MU Associations Gather for Autism Awareness Day

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COLUMBIA - The Thompson Center for Autism and Neurodevelopmental Disorders partnered with several organizations in Columbia to promote World Autism Awareness Day on Wednesday. The United nations dedicated April 2 to Autism Awareness to promote autism patients and bring awareness to the health issue.

Boone County Family Resources, the MU School of Health Profession, Alternative Community Training, Services for Independent Living and the Easter Seals Midwest joined the Center to organize "Light it up Blue" for the second time in Columbia. The global event has been running since 2007, but started in Columbia in 2013.

Alicia Curran is the project coordinator for Autism Speaks and the Autism Treatment Network in the Thompson Center. She said the event is getting more important every year in Columbia.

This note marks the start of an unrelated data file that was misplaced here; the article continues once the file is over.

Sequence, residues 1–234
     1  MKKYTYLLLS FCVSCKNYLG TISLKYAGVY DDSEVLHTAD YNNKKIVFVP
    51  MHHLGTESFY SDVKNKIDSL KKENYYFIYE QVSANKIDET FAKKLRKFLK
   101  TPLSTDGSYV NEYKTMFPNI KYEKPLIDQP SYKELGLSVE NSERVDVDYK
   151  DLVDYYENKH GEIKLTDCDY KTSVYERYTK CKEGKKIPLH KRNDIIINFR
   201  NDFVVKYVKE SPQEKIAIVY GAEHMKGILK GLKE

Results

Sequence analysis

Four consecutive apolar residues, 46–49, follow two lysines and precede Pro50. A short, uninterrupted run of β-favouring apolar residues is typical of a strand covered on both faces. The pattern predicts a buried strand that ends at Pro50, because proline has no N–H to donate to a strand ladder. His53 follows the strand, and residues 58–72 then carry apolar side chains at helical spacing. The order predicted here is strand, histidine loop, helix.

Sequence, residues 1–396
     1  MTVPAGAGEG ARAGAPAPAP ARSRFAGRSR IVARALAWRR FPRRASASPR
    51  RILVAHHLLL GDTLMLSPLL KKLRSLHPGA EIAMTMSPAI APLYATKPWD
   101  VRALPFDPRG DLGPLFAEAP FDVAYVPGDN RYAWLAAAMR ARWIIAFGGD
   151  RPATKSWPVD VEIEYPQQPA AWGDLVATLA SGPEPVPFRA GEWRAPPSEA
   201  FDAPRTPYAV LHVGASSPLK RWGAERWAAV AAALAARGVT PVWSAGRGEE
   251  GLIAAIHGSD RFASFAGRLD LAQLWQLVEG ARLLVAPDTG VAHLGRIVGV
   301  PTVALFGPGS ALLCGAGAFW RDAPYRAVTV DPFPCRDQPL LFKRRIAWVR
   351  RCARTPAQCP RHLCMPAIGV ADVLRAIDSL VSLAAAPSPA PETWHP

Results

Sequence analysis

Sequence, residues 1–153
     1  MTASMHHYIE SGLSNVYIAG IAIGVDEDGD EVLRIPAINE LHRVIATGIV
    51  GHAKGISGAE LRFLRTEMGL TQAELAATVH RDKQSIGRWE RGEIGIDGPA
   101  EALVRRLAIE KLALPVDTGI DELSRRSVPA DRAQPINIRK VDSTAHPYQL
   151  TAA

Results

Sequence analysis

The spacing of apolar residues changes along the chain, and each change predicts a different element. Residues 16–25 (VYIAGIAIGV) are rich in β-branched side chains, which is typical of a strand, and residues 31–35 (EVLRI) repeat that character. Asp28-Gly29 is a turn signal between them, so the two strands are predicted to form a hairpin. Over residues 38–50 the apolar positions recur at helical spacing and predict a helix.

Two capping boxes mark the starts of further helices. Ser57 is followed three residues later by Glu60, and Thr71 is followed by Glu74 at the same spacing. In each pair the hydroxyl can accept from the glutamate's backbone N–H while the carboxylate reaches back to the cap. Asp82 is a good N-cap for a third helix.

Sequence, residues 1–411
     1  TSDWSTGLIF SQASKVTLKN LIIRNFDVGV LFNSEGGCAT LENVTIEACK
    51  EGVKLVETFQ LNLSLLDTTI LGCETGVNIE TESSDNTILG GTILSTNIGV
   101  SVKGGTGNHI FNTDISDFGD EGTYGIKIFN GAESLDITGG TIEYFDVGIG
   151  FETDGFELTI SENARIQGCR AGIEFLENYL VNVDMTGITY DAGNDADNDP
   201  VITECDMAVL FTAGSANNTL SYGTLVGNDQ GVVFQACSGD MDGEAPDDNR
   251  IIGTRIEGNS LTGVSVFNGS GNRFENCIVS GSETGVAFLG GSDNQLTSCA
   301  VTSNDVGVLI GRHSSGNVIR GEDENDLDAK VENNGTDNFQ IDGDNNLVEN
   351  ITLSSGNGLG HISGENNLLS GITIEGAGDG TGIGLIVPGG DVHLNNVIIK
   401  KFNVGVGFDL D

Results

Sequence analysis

"As a mother of a child with autism, it really warms my heart that our community would come together and I know that they have my back", Curran said. "And it's challenging to be the parents of a child with autism. But I will tell you, the support that I get from from my friends, my family, my coworkers, just everyone in the community makes it easier and inspires me everyday."

Autism Awareness Day comes just a few days after new statistics recently released about the disease in the United States. Numbers of patients are more important than ever, they said, and one American child out of 68 is affected by autism.

Thompson Center Executive Director Stephen Kanne said the increase is due to better ways of diagnosis rather than an increase in the number of people affected.

"Now, as we understand the disorder better, more and more cases are actually included in the diagnosis criteria", Kanne said. "So more and more people can be diagnosed appropriately. So it looks like the rates are shooting up, when in fact we just actually accurately diagnosing people better."

"Light it up Blue" in Columbia planned to include prizes and a balloon release at the columns on the MU campus, weather permitting.